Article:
# Discontinued function optimization

I am struggling with transport optimization problem, that simplified might stated as:

• Minimize the number of bananas transports to the shop in the following 5 days (transported_bananas = [n1_bananas, n2_bananas, n3_bananas, n4_bananas, n5_bananas])
• The number of bananas in the shop, at any moment, cannot exceed 1000 (max constrain)
• The number of bananas in the shop, at any moment, cannot be lower than 100 (min constrain)
• Predicted bananas bought in the shop in the 5 following days are: (predictions = [100, 500, 800, 10, 30])

I use scipy.optimize.minimize with SLSQP. I have ineq min and max constraints for each day, something like: min_bananas > transported_bananas[0, current_day] - predictions[0, current_day]and similar to max constraint.

The function which I am trying to optimize is: transport_number = sum(transported_bananas > 0)

SLSQP cannot find minimum of this function. I believe that is because only if transported bananas in given day are 0 there is no transport. It also does not matter if 1 banana is transported or 100000 bananas is transported - it is still one transport in given day. Should I look for different solver then (not based on gradient) or should I think about scaling transport number or think about making the objective function continues somehow?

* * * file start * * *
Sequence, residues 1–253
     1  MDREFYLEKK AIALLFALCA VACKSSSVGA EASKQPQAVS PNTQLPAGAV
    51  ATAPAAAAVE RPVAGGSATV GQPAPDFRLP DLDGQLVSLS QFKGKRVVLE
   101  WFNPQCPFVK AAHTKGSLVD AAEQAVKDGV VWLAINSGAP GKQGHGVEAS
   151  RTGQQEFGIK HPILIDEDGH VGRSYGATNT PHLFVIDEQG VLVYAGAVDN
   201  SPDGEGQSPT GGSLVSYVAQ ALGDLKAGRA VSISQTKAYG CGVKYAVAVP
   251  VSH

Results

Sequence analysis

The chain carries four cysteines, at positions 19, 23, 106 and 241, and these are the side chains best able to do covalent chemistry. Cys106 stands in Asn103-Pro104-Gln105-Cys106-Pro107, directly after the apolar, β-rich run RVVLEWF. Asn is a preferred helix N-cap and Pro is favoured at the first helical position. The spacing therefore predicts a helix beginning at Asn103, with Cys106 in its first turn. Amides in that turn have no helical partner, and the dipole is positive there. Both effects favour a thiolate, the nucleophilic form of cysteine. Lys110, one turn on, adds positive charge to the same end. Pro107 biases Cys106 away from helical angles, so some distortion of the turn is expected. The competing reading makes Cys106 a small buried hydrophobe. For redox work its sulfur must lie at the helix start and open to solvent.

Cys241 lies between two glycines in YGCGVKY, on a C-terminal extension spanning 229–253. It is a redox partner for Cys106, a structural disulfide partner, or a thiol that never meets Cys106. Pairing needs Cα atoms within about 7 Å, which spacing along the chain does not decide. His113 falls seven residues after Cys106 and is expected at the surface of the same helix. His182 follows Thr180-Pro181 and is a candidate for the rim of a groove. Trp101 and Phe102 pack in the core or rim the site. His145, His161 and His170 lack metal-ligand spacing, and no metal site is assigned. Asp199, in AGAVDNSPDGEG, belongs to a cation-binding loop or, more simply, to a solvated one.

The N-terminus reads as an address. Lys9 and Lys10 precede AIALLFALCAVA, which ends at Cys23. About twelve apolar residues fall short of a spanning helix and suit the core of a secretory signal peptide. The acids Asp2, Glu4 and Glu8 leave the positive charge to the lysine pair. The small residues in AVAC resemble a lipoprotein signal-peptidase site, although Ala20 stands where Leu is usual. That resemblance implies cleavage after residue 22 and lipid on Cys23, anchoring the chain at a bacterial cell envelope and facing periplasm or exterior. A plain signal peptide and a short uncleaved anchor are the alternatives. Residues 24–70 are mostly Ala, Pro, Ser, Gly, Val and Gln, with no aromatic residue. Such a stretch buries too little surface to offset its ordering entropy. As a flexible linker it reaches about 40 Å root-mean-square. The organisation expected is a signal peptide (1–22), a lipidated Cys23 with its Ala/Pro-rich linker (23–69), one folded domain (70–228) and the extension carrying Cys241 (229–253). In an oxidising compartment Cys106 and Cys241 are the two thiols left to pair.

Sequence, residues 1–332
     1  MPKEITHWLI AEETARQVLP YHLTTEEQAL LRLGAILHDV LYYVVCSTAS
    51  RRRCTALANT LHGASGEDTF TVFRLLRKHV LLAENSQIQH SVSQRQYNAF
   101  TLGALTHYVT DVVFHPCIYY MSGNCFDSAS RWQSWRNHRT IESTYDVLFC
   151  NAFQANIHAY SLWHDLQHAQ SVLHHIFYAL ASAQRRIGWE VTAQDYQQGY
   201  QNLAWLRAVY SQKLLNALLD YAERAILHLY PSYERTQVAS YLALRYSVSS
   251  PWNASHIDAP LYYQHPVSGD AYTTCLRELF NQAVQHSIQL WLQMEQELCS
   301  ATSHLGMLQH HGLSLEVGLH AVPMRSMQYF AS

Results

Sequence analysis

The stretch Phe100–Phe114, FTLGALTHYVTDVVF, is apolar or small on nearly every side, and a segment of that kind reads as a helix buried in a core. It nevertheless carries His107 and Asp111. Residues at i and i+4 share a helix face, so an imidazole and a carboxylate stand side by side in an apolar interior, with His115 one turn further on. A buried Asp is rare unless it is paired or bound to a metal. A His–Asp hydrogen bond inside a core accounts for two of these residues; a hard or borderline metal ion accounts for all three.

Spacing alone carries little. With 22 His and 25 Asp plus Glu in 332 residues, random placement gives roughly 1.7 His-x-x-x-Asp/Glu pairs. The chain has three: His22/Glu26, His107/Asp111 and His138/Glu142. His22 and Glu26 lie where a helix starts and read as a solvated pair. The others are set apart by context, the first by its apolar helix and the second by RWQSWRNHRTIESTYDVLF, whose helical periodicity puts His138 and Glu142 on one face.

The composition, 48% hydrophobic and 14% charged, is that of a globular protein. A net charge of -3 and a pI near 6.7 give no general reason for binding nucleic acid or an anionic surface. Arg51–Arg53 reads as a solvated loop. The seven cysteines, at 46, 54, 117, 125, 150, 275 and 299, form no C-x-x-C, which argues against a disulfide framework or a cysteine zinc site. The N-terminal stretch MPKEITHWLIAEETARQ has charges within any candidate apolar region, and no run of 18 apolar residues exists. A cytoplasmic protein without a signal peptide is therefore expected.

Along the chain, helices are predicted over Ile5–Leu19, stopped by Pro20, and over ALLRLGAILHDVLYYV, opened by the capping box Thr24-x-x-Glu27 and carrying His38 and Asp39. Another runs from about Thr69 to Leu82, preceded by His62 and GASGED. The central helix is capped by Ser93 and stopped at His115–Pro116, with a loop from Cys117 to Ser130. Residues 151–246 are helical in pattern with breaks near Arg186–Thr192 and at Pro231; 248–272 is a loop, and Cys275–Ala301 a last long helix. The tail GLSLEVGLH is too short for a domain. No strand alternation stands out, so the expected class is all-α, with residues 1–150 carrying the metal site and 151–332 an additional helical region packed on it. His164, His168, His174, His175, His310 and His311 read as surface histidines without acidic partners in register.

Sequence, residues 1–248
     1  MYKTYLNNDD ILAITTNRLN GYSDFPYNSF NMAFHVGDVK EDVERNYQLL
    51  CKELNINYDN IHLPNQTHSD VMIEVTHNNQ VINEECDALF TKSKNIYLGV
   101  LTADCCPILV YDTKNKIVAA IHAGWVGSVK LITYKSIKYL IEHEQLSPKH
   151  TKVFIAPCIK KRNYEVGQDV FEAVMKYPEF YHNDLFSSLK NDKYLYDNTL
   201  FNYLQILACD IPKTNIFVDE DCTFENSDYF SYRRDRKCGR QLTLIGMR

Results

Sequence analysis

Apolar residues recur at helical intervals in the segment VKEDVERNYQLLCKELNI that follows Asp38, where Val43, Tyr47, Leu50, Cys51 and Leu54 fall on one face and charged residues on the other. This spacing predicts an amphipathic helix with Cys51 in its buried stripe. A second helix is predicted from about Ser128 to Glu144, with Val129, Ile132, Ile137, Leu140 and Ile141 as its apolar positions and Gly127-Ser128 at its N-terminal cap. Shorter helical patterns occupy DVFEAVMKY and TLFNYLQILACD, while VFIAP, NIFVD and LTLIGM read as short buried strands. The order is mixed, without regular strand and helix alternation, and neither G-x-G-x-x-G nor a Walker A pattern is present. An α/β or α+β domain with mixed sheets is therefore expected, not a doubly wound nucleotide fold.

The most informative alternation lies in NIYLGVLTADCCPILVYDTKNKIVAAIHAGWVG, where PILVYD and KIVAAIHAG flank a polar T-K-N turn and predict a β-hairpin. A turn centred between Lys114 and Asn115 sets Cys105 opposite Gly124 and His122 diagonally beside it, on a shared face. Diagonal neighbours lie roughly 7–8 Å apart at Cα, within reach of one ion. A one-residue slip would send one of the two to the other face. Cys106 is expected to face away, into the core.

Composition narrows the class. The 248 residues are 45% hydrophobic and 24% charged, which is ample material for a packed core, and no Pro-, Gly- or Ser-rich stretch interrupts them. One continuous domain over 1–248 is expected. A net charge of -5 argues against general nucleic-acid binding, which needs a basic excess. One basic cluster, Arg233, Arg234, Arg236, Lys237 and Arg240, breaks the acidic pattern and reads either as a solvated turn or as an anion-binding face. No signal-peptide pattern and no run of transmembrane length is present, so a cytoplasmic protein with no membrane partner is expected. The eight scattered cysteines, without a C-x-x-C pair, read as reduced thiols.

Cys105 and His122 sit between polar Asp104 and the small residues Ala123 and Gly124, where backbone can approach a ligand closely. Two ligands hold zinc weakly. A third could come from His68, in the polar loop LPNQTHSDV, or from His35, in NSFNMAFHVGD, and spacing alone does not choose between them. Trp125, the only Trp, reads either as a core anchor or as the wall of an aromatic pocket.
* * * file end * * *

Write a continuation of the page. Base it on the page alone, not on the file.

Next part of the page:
• First, Is there any reason to use SLSQP instead of the MILP formulation, as @LocalSolver mentioned, for solving the problem? Second, if you could share your MP formulation it gives you more chance to deal with the community folks. – A.Omidi Feb 20 at 9:26

Your problem has continuous variables (the number of bananas delivered each day) but a discrete objective function (the number of deliveries over the period).

As you noticed, counting the number of deliveries by using the expression "sum(transported_bananas > 0)" makes the objective function discontinuous. SLSQP (Least Square Sequential Quadratic Programming) belongs to SQP methods which require the objective and the constraints to be twice continuously differentiable.

Your problem can be expressed as a Mixed-Integer Linear Problem (MILP) and then solves using MILP solvers. To do so, you have to introduce binary variables to count the number of deliveries and link these variables to the number of bananas using the so-called "big M" modeling technique.

To solve it directly, without any reformulation, you can also use LocalSolver, which is a global optimization solver (contrary to what the name suggests :-). Indeed, LocalSolver is able to handle discontinuous expressions like "sum(transported_bananas > 0)". Please note that LocalSolver is a commercial solver. Nevertheless, academic and trial licenses are available for free.